There are three critical pathways for the pathogenesis and progression of pulmonary arterial hypertension (PAH): the prostacyclin (prostaglandin I2) (PGI2), nitric oxide (NO), and endothelin pathways. The current approved drugs targeting these three pathways, including prostacyclin (PGI2), phosphodiesterase type-5 (PDE5) inhibitors, and endothelin receptor antagonists (ERAs), have been shown to be effective, however, PAH remains a severe clinical condition and the long-term survival of patients with PAH is still suboptimal. The full therapeutic abilities of available drugs are reduced by medication, patient non-compliance, and side effects. Nanoparticles are expected to address these problems by providing a novel drug delivery approach for the treatment of PAH. Drug-loaded nanoparticles for local delivery can optimize the efficacy and minimize the adverse effects of drugs. Prostacyclin (PGI2) analogue, PDE5 inhibitors, ERA, pitavastatin, imatinib, rapamycin, fasudil, and oligonucleotides-loaded nanoparticles have been reported to be effective in animal PAH models and in vitro studies. However, the efficacy and safety of nanoparticle mediated-drug delivery systems for PAH treatment in humans are unknown and further clinical studies are required to clarify these points.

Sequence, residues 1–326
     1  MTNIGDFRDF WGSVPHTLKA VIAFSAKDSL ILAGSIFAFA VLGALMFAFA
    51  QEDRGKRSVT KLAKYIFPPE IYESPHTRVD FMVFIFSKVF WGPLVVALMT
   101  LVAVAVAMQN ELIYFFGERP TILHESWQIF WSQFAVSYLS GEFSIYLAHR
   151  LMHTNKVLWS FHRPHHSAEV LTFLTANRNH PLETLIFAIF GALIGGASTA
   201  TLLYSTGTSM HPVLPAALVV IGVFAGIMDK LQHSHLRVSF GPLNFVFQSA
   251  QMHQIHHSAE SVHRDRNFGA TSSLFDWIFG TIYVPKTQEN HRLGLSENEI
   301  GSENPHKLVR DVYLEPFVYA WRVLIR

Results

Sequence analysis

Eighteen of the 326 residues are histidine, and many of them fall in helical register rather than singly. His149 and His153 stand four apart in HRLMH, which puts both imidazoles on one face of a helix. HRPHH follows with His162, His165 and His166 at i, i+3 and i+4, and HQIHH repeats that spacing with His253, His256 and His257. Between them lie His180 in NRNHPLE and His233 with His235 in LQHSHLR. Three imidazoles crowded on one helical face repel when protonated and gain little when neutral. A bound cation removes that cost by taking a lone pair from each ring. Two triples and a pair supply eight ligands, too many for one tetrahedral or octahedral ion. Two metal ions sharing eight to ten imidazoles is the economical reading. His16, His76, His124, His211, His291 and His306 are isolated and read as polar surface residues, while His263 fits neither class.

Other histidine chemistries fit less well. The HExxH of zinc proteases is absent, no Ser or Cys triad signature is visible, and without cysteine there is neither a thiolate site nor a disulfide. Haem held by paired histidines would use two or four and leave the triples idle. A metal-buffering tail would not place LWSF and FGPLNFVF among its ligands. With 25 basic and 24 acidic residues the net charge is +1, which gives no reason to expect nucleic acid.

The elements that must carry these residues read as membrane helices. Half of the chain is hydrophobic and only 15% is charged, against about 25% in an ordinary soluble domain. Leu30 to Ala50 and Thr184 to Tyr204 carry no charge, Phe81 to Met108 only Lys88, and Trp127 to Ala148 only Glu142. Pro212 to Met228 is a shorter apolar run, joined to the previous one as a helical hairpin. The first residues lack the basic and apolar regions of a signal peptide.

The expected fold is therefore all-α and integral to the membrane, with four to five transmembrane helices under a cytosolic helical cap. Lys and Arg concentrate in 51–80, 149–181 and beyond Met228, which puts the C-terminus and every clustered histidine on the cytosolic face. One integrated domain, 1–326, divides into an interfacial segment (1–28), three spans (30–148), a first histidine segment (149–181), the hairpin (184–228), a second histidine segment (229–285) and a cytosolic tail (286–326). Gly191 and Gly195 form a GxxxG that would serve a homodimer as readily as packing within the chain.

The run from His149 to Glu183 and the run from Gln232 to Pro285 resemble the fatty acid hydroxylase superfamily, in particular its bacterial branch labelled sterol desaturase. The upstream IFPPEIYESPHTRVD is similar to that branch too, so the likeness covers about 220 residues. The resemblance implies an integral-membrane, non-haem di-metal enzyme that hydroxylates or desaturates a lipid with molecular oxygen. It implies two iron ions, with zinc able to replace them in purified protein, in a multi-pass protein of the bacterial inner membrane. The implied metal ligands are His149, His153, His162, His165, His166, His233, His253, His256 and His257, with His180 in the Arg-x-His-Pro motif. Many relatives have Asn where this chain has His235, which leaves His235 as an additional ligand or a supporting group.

Keywords: endothelin; nitric oxide; prostaglandin I2; pulmonary arterial hypertension.